From remission to relapse
Alex received his last dose of chemo in September. In remission, he headed home, eager to move on with his life.
“Everyone was happy. It was the best day in the world,” Julie said.
Alex returned to school and started his sophomore year. He missed just two weeks of class.
He got back on the high school basketball team. And he felt “pretty much” back to normal.
“Just a little bit slower,” he said. “I was still just trying to get back into school and everything after sitting here for four months.”
Once a month, he saw his doctors in Traverse City. He did his follow-up appointments at a pediatric hematology oncology clinic run by Helen DeVos Children’s Hospital and Munson Medical Center.
When his dad drove him to his appointment in April 2017, they talked about playing basketball when they got home.
But the blood test showed a low platelet count, an indication of a possible relapse.
With acute myeloid leukemia, about 75 percent of children can be cured with the intensive chemotherapy treatments, said Ulrich Duffner, MD, a pediatric blood and marrow transplant specialist.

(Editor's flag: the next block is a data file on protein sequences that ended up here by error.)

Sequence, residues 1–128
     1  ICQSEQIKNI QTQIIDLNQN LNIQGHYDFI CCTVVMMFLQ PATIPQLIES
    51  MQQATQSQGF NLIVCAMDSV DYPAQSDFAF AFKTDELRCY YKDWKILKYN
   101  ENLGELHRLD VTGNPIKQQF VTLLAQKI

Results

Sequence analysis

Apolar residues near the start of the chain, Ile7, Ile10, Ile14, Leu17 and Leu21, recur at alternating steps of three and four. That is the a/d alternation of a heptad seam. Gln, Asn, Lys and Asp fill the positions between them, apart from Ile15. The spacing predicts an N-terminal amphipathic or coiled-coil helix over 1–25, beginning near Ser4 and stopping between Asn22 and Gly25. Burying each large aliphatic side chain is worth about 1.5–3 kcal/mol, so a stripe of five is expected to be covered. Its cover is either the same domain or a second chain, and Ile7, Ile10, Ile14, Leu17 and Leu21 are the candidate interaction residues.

Unfortunately, in Alex’s case, the cancer returned.
“We went straight to Grand Rapids,” Alex said. “It was not fun. It was a long quiet car ride. A little bit depressing.”
This time, at least, he saw familiar faces as he entered Helen DeVos Children’s Hospital.
“The nurses are awesome,” Julie said. “You didn’t have to re-establish relationships. You could walk in and you were home again.”
His doctors discussed their plan of attack: He would get a bone marrow transplant. The details of the treatment went right past him.
“Again, I don’t remember,” he said. “Just sitting there, staring.”
Finding a donor
Alex’s 13-year-old brother, Chase, was not a match. So his medical team checked the international bone marrow donor registry.
His doctors found three donors who matched. They did further testing to determine which would be the best for Alex.
Julie marveled at the process.